Citizen Media Watch

februari 5th, 2009

Scoopt's closing and the end of dedicated citjourn agencies

Posted by Lotta Holmstrom

Citizen journalism photo agency Scoopt has shut down. Getty Images, which purchased the site two years back, are letting it go.

In an interview in the British Journal of Photography, PJP, Getty spokesperson Alison Crombie explains that they want to focus on their core editorial business.
– People are now more visually educated, there is more awareness that they can interact directly with the media. Every time something significant happens, you will see the BBC or Sky ask for people’s photos and videos, she says.

The need for dedicated citizen journalism agencies is declining as citizens become more knowledgeable on how to reach out and get their stuff to mainstream media – and get the earnings from it. The rise of social media has to a large extent meant that they have played out their part.
Even Scoopt’s founder Kyle MacRae now think the concept is doomed.
– A smarter model is sucking in hot images from wherever they happen to be posted and shared, whether that’s Flickr or TwitPic or anywhere else, he says to BJP.


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november 13th, 2008

Joi Ito: Don't sign bad licenses

Posted by Lotta Holmstrom

Joi Ito at SIME'08

Citizen Media Watch met with blogging veteran, super-entrepreneur and CEO of Creative Commons Joi Ito during the SIME conference in Stockholm. He told us about how he (possibly) made the New York Times change their contract for freelance material, and he sent a message to anyone wanting to make it as a semi-pro or pro journalist or photographer.

Joi ItoMainstream media is struggling with how to use photos with Creative Commons licensing. The reason is they’re not used to attribution models, but rather to pay the photographer and get the exclusive rights for the photo, says Joi Ito.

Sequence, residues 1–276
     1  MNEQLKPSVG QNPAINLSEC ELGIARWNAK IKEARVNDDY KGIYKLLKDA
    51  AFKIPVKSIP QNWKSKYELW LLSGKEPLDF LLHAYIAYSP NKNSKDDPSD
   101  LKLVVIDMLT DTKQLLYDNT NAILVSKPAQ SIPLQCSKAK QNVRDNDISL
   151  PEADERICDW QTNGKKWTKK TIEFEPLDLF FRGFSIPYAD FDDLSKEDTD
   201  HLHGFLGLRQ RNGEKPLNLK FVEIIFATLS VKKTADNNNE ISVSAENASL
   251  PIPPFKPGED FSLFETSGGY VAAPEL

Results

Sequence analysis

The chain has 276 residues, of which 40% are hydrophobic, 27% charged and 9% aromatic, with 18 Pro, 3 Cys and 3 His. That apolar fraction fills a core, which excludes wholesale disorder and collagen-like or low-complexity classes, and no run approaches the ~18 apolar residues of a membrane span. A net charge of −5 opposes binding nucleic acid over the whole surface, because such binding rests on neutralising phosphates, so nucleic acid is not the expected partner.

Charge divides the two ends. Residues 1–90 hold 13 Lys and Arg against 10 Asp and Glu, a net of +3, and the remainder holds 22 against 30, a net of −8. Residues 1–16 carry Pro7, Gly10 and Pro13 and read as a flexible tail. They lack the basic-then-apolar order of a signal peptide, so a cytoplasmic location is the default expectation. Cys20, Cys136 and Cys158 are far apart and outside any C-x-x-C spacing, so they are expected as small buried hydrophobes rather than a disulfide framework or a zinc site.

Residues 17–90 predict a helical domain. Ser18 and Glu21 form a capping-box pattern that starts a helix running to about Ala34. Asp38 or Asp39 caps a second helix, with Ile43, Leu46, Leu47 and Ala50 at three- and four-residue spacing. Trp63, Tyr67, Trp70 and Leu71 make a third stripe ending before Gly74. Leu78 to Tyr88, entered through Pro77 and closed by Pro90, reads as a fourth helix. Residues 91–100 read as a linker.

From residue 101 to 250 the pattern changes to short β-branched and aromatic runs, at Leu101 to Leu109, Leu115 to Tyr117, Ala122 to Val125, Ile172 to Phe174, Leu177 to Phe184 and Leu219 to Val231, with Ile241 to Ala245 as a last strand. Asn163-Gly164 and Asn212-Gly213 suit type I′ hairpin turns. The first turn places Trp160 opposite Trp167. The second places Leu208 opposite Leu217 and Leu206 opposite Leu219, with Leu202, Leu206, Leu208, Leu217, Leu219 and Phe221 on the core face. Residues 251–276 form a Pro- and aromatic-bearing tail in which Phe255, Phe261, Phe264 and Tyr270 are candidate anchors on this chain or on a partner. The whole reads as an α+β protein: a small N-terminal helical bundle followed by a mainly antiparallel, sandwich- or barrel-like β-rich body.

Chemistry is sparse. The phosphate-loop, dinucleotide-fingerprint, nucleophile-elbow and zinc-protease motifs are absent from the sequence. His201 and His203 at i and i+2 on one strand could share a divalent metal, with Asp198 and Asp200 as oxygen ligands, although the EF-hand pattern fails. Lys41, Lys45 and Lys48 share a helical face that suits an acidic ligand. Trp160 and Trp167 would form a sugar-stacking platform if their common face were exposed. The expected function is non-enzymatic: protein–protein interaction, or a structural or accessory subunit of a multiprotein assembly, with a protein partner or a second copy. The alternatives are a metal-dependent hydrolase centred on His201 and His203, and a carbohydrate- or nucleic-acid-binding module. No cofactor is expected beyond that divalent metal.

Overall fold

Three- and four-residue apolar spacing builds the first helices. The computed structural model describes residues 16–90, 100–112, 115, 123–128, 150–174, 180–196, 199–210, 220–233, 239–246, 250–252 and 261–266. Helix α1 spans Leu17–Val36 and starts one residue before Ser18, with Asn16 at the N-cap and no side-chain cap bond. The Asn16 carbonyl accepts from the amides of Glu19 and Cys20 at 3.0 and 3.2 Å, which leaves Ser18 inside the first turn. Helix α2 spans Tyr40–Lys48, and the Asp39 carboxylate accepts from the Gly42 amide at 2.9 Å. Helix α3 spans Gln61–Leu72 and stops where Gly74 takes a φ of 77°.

But they are starting to learn.
– They’re realising that atleast for certain situations and certain people it’s impossible to get a photograph in time. They’re realising it’s a resource. They’re starting to learn the rules, says Joi Ito, who saw a lot of abuse of the license in the early days.

He reveals that it took him three years of refusing to sign the New York Times’s standard contract after having written an article for them before they gave in – and actually changed it for everyone. At first they simply wanted the exclusive rights, period. Now the contract says they get the exclusives for one month, then you can re-use it in any way you want.
– But they changed. It took me three years of saying no no no. You just have to keep working. Don’t sign bad licenses, advices Joi Ito.

This is part of a longer interview also addressing the need for new business models, why hyperlocal journalism is failing and the two ways for photographers to make money. We’ve made the full-length uncut interview available on our account. It is licensed under a creative commons license.

A big thanks to Joakim Jardenberg who pinpointed one of the questions for Mr Ito. And to Björn Falkevik for the filming/camera crash-course.

/Lotta & Gitta

Joi Ito at SIME'08

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maj 15th, 2007

Geo-stories, the result of the Brighton multimedia project

Posted by Lotta Holmstrom

The bible found on the beachIn December I wrote about the multimedia project in Brighton which is a collaboration between the University of Brighton, Nokia, Ymogen and the BBC.